Vaginitis, an infection of the lower genital tract in women, is known to be triggered by the overgrowth of the vagina’s naturally occurring microorganisms.
This study looked at the prevalence of Candida
spp. and age-related disparities amongst women presenting with vaginitis at the Obstetrics and Gynaecology (O&G) clinic in a tertiary hospital in Port Harcourt, Nigeria.
One hundred high vaginal swabs were collected from pregnant and non-pregnant women and examined microscopically and microbiologically.
Age-group 20–29 years had the highest incidence of candidal vaginitis. There was a higher occurrence of yeast cells in pregnant than in non-pregnant participants while the non-pregnant women had a greater level of bacterial cells. Forty (40) of the samples contained yeasts of Candida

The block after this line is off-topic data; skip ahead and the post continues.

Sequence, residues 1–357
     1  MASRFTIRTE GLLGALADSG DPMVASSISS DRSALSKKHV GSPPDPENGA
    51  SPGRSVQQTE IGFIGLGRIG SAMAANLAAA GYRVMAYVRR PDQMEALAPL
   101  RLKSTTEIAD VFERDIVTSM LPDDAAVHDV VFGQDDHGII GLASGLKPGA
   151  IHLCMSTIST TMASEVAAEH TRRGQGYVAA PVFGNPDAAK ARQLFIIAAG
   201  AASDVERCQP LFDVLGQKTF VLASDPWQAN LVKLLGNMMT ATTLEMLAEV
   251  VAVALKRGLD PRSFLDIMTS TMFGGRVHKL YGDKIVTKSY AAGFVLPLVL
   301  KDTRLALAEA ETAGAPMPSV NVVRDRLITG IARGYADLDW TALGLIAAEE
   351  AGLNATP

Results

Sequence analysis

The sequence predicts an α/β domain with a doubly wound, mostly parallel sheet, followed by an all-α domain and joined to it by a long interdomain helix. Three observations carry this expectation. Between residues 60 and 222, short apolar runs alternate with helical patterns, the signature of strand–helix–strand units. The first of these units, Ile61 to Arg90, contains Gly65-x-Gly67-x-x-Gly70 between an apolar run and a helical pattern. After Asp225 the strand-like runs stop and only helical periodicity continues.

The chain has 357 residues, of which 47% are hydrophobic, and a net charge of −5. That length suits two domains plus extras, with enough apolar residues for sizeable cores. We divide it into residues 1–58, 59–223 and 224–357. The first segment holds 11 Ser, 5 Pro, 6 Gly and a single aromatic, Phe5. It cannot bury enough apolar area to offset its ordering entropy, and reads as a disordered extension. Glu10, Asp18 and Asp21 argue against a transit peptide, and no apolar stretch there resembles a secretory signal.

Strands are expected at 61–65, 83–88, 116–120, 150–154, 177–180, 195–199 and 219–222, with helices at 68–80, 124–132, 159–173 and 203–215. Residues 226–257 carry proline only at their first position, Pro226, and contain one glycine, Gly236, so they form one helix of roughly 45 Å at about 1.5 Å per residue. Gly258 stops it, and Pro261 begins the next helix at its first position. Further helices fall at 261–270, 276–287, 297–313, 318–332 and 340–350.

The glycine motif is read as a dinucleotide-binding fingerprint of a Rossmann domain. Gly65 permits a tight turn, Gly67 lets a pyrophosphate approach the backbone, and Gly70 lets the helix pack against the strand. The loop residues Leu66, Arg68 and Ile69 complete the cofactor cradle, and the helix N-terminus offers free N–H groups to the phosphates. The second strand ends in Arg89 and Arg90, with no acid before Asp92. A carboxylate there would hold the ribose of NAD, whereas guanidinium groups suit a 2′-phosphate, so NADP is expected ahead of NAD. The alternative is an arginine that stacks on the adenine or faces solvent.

species representing a 40% prevalence. Three species of Candida
were identified with C. albicans
dominating. Of the 40 samples positive for Candida
spp., 30 (75.0%) were confirmed to be C. albicans
. The remaining isolates were
The findings in this study would play a role in the future management of Candida